Sole Trader vs Company

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Every year, thousands of Australians open small businesses and operate as sole traders to help save on costs as they send their business out into the world. However, as businesses grow, so do profits, risks and liabilities and staying fixed as a sole trader is not always the best option. 

Choosing the right structure for your business from the beginning can help you avoid future costs and headaches. 

There are pros and cons for either structure, and it is important to ensure you choose the right option for your business and trade.

Company Registration

A proprietary limited company registration may be the best option for businesses that anticipate quick growth or more complex industries.

Pros:

  • Limited Liability: One of the significant advantages of registering a company is limited liability. The owners’ personal assets are generally protected in case of business debts or legal issues.
  • Credibility: A registered company might project a more established and credible image to customers, suppliers, and potential partners compared to a sole trader.
  • Tax Benefits: Companies may have access to certain tax advantages and deductions not available to sole traders.
  • Potential for Growth: Companies often have easier access to funding, the ability to issue shares, and a clear structure which often makes it more feasible for a company to scale and attract investment.

Cons:

  • Complexity and Costs: Setting up a company involves more paperwork, legal formalities, and ongoing compliance requirements. This usually translates to higher initial costs and ongoing administrative expenses.
  • Regulatory Requirements: Companies have stricter compliance obligations, including annual reports, meetings, and more stringent record-keeping.
  • Less Privacy: Company details are typically more publicly available than those of sole traders, including directors’ information, financial reports, etc.

Sole Trader

A sole trader option may be beneficial for smaller businesses who are unsure what sort of growth they will experience and plan to operate in their sole capacity.

Pros:

  • Simplicity: Operating as a sole trader is simpler and less costly to set up and maintain. There are fewer legal and administrative requirements compared to a company.
  • Full Control: Sole traders have complete control over decision-making and business operations.
  • Privacy: Sole traders usually have more privacy as their business details are not as publicly disclosed compared to companies.

Cons:

  • Unlimited Liability: As a sole trader, you are personally liable for business debts and legal liabilities. This means your personal assets are at risk if the business runs into financial trouble.
  • Limited Growth Potential: Sole traders might find it more challenging to raise capital or attract investment compared to companies.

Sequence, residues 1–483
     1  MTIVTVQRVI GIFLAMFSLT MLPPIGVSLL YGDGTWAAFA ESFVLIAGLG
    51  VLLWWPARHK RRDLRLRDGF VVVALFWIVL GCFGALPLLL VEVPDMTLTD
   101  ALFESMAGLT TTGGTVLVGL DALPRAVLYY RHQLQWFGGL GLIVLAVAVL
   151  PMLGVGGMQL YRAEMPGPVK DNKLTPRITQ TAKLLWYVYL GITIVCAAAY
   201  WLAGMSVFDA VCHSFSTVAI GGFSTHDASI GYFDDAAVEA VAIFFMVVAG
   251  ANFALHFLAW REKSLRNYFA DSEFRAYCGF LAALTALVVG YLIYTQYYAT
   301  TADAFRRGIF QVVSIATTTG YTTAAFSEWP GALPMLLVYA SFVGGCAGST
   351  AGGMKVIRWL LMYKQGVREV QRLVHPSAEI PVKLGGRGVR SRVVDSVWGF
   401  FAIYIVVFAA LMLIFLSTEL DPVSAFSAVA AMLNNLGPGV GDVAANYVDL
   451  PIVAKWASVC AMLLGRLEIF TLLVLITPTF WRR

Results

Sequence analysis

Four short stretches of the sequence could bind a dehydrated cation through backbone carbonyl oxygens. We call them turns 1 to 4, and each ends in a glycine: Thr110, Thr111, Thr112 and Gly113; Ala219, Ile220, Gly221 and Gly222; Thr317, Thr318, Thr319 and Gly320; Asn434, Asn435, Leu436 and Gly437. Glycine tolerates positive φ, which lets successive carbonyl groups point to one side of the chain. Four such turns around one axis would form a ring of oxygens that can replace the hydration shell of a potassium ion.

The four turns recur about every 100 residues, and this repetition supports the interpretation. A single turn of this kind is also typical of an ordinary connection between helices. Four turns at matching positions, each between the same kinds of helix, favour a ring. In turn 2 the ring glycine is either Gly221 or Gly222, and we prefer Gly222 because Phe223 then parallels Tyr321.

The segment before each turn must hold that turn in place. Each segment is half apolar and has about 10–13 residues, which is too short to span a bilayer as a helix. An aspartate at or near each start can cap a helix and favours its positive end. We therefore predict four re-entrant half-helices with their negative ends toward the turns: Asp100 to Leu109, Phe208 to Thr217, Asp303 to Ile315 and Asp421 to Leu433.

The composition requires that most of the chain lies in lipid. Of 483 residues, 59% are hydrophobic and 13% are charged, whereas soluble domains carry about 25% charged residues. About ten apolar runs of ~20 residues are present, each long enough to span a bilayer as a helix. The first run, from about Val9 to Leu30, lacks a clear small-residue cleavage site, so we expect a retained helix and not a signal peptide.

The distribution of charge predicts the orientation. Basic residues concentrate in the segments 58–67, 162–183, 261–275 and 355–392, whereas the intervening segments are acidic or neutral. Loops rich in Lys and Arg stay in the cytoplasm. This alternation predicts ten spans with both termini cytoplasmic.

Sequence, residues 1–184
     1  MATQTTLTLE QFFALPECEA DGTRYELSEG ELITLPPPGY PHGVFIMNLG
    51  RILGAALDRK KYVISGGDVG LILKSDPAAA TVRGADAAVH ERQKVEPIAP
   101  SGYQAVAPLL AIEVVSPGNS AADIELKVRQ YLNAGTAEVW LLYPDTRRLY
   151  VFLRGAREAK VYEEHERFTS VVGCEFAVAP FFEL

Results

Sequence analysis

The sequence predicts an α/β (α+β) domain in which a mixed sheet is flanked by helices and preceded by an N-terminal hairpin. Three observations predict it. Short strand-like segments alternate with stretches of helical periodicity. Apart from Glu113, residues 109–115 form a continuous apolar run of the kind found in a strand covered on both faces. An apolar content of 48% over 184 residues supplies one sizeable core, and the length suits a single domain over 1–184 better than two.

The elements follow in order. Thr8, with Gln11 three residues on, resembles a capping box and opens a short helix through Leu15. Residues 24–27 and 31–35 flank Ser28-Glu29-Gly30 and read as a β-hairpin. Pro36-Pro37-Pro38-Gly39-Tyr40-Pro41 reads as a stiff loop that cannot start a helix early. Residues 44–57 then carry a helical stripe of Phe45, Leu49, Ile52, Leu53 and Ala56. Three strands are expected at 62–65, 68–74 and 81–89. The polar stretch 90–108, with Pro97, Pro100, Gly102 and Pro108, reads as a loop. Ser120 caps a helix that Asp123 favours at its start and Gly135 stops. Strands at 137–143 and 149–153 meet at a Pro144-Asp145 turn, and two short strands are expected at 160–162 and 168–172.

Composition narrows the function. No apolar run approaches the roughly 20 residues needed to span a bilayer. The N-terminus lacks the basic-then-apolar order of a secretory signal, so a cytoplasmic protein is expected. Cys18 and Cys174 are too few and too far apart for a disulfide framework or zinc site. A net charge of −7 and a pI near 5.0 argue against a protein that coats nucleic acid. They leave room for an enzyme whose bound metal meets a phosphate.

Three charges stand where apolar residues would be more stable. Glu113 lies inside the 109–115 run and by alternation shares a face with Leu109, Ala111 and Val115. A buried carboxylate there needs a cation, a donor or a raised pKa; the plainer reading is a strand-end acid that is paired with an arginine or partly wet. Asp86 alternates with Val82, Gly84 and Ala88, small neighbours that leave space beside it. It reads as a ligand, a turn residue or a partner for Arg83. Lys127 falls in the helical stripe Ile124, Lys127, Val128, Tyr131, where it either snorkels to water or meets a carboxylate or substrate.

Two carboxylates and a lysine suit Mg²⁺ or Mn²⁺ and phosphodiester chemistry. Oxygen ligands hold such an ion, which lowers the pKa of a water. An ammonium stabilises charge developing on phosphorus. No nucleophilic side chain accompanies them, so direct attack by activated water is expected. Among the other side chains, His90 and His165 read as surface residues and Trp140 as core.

• Perceived Credibility: Some clients or partners might perceive a sole trader as less credible or stable compared to a registered company.

Considerations for a Business Owner

There are many considerations for a business owner to evaluate when establishing their business entity. 

  • Consider the nature and size of your business. A smaller, low-risk venture might find operating as a sole trader more suitable initially.
  • Assess your comfort level with personal liability. If avoiding personal liability is critical, a company structure might be more appropriate.
  • Both structures have different tax obligations and benefits. Consulting with a tax professional can help determine which suits your circumstances better.

Ultimately, the choice between company registration and operating as a sole trader depends on various factors like your business goals, risk tolerance, growth aspirations, and regulatory considerations.

Consulting with legal and financial advisors can provide personalised guidance based on your specific situation. Contact our team of business lawyers who can provide you with the right advice.

The information provided in this article is for general information and educative purposes in summary form on legal topics which is current at the time it is published. The content does not constitute legal advice or recommendations and should not be relied upon as such. Whilst every care has been taken in the preparation of this article, FC Lawyers cannot accept responsibility for any errors, including those caused by negligence, in the material. We make no representations, statements or warranties about the accuracy or completeness of the information and you should not rely on it. You are advised to make your own independent inquiries regarding the accuracy of any information provided on this website. FC Lawyers does not guarantee, and accepts no legal responsibility whatsoever arising from or in connection to the accuracy, reliability, currency, correctness or completeness of any material contained in this article. Links to third party websites or articles does not constitute any endorsement or approval of those sites or the owners of those sites. Nothing in this article should be construed as granting any licence or right for you to use that content. You should consult the third party’s terms and conditions of use in relation to any third-party content. FC Lawyers disclaims all responsibility and all liability (including liability for negligence) for all expenses, losses, damages and costs you might incur as a result of the information being inaccurate or incomplete in any way. Appropriate legal advice should always be obtained in actual situations.

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